- There was a huge (and noticeable) variation in the amount of preparation candidates had done on my school. If they didn't know anything about the school other than the location, it signalled a general lack of interest on their part (and resulted in a lack of interest on ours).
- A surprising number of candidates did a very poor job of what I call "setting the table" for their research. By that, I mean the anecdotal part of showing me why I should give a rat's hiney about their topic. As an example, consider a candidate researching the effect of syndicate composition on the outcome of an IPO: A bad candidate would jump right into their model and/or hypotheses, while a good candidate might first talk about a recent underwriting syndicate put together by Goldman, and what some of the salient facts illustrated about their topic.
- It's impressive when you can site literature to buttress your arguments and do it smoothly. It shows you have a good grasp on your literature. It's even better when you can bring it back to the big picture.
- I found out that I really like asking questions about factors that the candidate hadn't considered in their tests (for example, if they were examining some aspect of merger bid premiums, I'd ask how the composition of the institutions (transient vs. indexers) holding target shares might affect their analysis). My main interest wouldn't be their specific answer, but rather how they approach the question. Again, if they can link it back to important prior research, all the better.
- Here are some f the things that made candidates seem less attractive: not knowing their topic (or not caring) well enough to show me how it fits into things (see above), not taking care in answering questions (See above again), not at least making eye contact with everyone in the room (even if one is the dominant interviewer, we all count), and not having any good questions to ask US - it shows you're interested and know at least a bit about our institution. Make sure tehy're not dumb ones.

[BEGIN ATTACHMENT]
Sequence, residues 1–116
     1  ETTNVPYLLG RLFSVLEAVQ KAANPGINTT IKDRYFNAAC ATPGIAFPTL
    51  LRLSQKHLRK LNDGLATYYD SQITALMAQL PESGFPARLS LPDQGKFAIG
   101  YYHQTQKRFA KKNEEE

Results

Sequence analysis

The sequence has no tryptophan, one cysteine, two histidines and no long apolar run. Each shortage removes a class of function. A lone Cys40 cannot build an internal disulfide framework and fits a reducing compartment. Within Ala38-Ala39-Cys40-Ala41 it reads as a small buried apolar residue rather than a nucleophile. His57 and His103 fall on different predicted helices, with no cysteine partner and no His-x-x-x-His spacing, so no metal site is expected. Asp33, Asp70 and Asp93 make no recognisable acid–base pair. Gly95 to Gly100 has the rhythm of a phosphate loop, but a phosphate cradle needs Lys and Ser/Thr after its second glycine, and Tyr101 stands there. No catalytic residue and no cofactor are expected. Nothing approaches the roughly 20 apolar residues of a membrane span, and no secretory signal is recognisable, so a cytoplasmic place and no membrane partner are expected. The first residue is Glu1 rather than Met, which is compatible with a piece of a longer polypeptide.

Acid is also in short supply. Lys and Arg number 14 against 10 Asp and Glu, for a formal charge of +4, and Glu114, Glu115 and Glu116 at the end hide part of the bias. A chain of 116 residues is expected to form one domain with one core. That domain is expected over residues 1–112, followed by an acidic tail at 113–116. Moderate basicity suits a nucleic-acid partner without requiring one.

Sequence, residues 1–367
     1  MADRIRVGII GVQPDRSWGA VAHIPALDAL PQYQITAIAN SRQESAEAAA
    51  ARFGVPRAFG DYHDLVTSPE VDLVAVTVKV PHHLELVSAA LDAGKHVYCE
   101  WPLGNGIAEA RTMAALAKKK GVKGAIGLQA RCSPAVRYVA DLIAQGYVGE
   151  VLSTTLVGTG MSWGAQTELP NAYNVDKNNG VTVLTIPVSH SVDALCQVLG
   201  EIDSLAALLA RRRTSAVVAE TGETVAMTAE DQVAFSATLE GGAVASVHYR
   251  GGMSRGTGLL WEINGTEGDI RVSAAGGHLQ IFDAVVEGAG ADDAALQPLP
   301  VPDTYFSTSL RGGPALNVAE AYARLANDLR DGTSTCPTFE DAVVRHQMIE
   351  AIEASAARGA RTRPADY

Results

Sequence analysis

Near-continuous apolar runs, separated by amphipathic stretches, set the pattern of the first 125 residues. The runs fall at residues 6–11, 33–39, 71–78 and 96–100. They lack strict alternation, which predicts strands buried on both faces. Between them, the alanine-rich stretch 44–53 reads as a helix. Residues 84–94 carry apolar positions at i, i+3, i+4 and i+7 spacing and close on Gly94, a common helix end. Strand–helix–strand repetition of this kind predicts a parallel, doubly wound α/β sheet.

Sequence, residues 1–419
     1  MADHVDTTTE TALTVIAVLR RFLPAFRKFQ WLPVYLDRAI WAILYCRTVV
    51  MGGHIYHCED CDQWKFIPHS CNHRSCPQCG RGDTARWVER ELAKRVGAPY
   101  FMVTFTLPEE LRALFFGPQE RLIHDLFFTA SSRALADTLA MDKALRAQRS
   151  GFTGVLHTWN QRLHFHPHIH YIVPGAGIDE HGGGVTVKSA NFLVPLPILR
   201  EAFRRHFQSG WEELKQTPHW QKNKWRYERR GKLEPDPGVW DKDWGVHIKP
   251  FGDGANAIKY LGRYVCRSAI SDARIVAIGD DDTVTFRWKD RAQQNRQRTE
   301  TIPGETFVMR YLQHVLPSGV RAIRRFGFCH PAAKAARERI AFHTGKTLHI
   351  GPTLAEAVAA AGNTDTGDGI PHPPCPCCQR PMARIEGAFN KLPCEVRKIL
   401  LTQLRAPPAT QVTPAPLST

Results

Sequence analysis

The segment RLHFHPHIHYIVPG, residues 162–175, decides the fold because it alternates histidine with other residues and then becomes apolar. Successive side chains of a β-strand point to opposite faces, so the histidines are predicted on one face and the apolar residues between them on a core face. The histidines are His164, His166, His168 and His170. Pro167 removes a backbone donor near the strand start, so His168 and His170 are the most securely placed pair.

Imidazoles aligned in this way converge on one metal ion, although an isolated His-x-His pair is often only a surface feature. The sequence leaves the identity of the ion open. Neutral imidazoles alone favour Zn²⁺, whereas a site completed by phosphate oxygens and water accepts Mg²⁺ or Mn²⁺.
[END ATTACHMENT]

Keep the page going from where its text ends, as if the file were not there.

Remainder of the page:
- We had one or two candidates that were extremely sharp - they were prepared, articulate, passionate, interpersonally gifted, and had great dissertations that they really had a grasp of. Of course, we have NO chance of actually hiring these people (we're a bit under the market salary. But at least they serve as a benchmark.
- The process can be stressful for the candidates, and stultifyingly boring for the interviewers. Regardless of which side of the table you're on, if you don't take careful notes, the interviews quickly run together.
- One candidate had 35 interviews! I have no idea how they either prepared for all of them or how they survived the stress. On a related note, this candidate was 10 minutes late for OUR interview. So, they had probably gone past the optimal number. And we're not sure we want to get into a "multiple bidder" situation. So, thanks but no thanks.
- We've met as a group since coming back, and have a short list of candidates we'd like to call for fly-outs. But before we can invite them, we have to clear the hurdle of our affirmative action office. And they're a picky and verrrry slow group. So, I suspect we'll get some sand thrown in the gears shortly, and we'll have to wait a while longer before the campus visits.
- You run into a surprising number of candidates (and their professors) at the cocktail party and at the bar. This is a good place to find out if they're the sort of people you want as colleagues. (the well known "soft" information). If they can loosen up a bit (but not too much), it's a plus. Even better if they've been reading any interesting books lately.
Reflections on Interviewing at The FMA Meeting
Now that I've been back from the FMAs for about a week, I finally have time to put some thoughts together about the experience. Although I've been in the job candidate's seat a number of times, this was my first time being on the "hiring committee" side of the interviewing table, and it was an interesting experience, to say the least. Here are a few thoughts, in no particular order (like many of my thoughts, but let's not go there):